This video has been put together to
raise awareness of tennis for the blind and visually impaired. Blind tennis is an
exciting sport played on smaller courts with audible balls and tactile lines. It
can be played on tennis courts, in school halls and community centres and is a
great opportunity for blind partially sighted and sighted people to play
tennis together. There are something for everybody, from recreational
opportunities, through to competitive play at a local, national and
international level. For the totally blind players, they have a smaller court, same courts but smaller and we measure that out with a tactile rubberized baseline,
which they can feel with their feet, that can feel with their racket and we
demarcate the outside of the court and the center part of the court one
additional change to the court is that for the totally blind, we drop down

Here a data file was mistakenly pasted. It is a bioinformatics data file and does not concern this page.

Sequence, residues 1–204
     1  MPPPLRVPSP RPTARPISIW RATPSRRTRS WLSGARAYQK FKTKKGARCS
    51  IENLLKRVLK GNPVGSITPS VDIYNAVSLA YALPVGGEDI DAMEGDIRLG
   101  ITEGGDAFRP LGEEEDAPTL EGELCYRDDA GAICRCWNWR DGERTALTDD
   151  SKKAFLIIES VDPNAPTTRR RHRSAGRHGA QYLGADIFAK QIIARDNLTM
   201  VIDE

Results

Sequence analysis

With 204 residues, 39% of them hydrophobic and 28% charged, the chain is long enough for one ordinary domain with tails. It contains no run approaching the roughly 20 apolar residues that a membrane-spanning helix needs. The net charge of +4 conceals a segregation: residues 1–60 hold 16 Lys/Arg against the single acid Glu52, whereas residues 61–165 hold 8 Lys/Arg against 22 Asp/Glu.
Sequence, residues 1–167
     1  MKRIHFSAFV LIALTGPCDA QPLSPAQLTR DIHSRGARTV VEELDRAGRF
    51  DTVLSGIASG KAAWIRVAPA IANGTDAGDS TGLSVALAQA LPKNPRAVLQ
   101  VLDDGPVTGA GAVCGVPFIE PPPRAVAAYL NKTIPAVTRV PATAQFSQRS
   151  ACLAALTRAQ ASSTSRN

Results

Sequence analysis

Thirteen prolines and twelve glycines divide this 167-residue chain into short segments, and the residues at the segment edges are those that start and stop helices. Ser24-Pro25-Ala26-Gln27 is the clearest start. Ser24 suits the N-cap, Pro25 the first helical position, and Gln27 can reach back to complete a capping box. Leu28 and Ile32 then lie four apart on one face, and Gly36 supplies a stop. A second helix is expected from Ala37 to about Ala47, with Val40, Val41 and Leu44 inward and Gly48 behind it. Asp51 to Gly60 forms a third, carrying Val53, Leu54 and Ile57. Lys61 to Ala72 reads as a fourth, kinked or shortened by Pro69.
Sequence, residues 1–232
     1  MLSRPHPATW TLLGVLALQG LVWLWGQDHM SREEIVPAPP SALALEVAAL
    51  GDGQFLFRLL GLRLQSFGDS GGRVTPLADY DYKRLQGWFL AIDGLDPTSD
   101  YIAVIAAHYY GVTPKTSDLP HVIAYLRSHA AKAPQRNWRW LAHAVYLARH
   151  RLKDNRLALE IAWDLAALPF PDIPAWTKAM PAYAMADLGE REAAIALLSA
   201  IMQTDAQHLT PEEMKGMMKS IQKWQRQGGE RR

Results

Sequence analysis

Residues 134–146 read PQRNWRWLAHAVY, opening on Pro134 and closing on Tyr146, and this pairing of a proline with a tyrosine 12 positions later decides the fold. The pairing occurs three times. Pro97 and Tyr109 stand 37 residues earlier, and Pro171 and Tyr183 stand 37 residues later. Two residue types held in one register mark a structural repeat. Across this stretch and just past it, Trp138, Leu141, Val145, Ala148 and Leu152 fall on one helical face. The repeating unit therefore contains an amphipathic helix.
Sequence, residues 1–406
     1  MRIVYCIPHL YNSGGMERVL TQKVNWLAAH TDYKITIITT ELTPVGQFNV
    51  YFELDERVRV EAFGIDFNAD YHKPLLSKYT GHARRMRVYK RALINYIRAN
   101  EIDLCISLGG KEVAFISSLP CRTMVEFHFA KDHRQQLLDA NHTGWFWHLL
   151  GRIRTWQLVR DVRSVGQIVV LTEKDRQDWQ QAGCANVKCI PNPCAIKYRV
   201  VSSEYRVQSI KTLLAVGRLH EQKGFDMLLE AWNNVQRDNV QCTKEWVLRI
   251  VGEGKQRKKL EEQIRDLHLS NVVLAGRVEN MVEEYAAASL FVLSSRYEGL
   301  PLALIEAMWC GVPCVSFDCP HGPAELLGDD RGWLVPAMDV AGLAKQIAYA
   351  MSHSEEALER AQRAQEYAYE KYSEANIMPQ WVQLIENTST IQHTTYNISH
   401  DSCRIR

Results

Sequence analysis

the net by about seven or eight centimeters. The tactile lines are
important, but that’s simple, we take that down. Then we can just use a simple cane which I got from my garden shed, anybody could actually set that up and this is
what we do on a regular basis, so we’re straight on court, quickly on court and
then straight off court without too much wasted time. [ Music ] Visually impaired people tend to use the shorter racquet, because the courts are smaller, they’re easier to
handle, shorter strokes, low bouncing ball a regular sighted tennis ball tends to
bounce higher, the VI or visually impaired tennis ball is foam based Generally speaking the lowest sighted players tend to wear a mask, just to
ensure a level playing field. So if they have any vision at all they
haven’t had advantage over their opponent [ Music ] The etiquette for serving is. The server
says “ready! the receiver says ” ready” The Server says “Play” and then hits the ball [ Music ] The key differences across the sight
classifications are… blind players play with three bounces majority of players play with two bounces and some players play with one bounce! [ Music ] for more information please visit metroblindsport.org

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Dennis Veasley

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